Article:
Three major venous trunks traverse the liver caudocephalad; these are the right, median and left hepatic veinswhich divide the liver into a total of four hepatic sectors.The left hepatic vein almost exclusively drains the left lateral hepatic lobe, and just before its junction with the inferior vena cava it usually merges with the middle hepatic vein which courses along the cava-gallbladder line. The right hepatic vein travels between the posterolateral and anteromedial segments. The caudate lobe has its own venous drainage, the Spieghelian veins, comprising multiple small posterior veins draining directly into the inferior vena cava.
In real life, the regularity of the venous branching described by Couinaud is seen only in few cases, and there are numerous branch variants supplying areas of varying size.
The portal hila of liver segments II, III and IV are extrahepatic and can be easily exposed in the anterior section of the left umbilical fissure. The portal hila of the right liver segments are intrahepatic; while there are exceptions at times, these mostly pertain to segment VI. The anatomy of the hepatic veins is even more variable than that of the portal vein.
While normally the common hepatic artery arises from the celiac axis, in rare cases its origin is directly with the aorta or superior mesenteric artery. After giving off the gastroduodenal artery, the proper hepatic artery bifurcates in the porta hepatis into the left and right hepatic arteries. Quite often, there are even more extrahepatic branches, such as the artery for liver segment IV, which usually arises from the left hepatic artery just before the umbilical fissure. Variants of this normal anatomy of the hepatic arteries have been described in about 30% of cases.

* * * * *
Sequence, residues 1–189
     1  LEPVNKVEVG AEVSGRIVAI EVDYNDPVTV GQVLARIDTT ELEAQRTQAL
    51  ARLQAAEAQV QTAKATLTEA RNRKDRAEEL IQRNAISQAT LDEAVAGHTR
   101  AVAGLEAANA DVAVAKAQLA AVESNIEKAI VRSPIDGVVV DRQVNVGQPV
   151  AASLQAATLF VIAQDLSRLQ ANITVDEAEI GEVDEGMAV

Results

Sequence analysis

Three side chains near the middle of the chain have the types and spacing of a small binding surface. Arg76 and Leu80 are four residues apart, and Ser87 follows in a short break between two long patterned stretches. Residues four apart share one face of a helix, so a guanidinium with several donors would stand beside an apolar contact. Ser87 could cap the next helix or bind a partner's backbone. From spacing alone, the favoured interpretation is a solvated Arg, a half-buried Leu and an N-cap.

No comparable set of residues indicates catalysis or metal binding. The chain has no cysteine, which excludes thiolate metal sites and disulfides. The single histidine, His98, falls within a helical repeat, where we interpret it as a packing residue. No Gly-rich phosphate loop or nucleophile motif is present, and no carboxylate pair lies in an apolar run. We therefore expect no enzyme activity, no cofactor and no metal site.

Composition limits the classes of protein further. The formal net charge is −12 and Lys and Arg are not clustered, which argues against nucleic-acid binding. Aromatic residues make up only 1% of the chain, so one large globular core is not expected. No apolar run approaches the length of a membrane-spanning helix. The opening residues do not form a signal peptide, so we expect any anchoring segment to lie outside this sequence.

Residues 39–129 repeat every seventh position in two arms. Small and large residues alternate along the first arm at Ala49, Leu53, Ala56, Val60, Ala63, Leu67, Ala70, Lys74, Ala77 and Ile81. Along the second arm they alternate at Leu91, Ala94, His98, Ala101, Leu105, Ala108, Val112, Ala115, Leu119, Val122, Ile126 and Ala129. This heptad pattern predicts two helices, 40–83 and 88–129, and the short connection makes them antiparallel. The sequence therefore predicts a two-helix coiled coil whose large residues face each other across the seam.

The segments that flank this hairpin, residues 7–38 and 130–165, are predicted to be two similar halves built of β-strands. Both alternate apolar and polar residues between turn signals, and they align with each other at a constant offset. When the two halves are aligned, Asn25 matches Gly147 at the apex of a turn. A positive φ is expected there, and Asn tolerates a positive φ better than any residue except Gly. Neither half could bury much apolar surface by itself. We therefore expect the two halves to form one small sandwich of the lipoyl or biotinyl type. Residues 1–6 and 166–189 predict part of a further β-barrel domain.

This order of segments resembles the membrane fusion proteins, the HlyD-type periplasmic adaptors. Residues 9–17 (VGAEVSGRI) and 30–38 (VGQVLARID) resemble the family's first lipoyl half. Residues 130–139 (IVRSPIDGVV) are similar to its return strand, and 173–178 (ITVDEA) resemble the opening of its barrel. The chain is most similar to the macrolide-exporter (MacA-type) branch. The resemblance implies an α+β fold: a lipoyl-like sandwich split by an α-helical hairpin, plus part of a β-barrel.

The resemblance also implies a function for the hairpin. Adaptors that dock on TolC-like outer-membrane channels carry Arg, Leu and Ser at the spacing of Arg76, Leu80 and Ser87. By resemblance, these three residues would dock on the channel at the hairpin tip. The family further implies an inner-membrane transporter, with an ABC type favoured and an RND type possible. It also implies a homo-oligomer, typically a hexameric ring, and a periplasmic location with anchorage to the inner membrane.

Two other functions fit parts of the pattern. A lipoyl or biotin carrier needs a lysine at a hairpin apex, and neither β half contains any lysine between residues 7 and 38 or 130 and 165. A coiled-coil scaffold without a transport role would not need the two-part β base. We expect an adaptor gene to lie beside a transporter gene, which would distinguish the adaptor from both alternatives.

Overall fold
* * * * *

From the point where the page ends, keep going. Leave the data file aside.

The extrahepatic section of the left hepatic ductis about 3 cm to 5 cm long and arises in the umbilical fissure from the junction of the two bile ducts draining segments II and III.In most cases the bile duct from segment IV will join proximal to this junction. With about 25%, the most common anatomical variant is a common junction of the bile duct from segment IV with those bile ducts draining segments II and III. This variant has clinical ramifications in left hemihepatectomy, split liver and living-donor liver transplants because it may easily impair the bile drainage from segment IV.
Barely 1 cm long, theright hepatic ductis rather short and drains bile from segments V, VI, VII and VIII via an anterior and posterior branch.Sometimes the right hepatic duct may be missing altogether. The variant junctions of the posterior branch are clinically relevant because this branch may empty directly into the cystic duct, common hepatic duct or common bile duct.
Regional lymph nodes
The liver has two lymphatic systems:
1. Most of the liver lymph (90%) drains into the lymph nodes at the porta hepatis and from there via the celiac lymph nodes into the intestinal trunk.
2. The second system, a subserous network of lymphatics (10%), drains the superficial aspects of the phrenic surface and the area nuda. The lymph passes through the diaphragm into the superior phrenic lymph nodes and from there via mediastinal lymphatics into the right venous angle.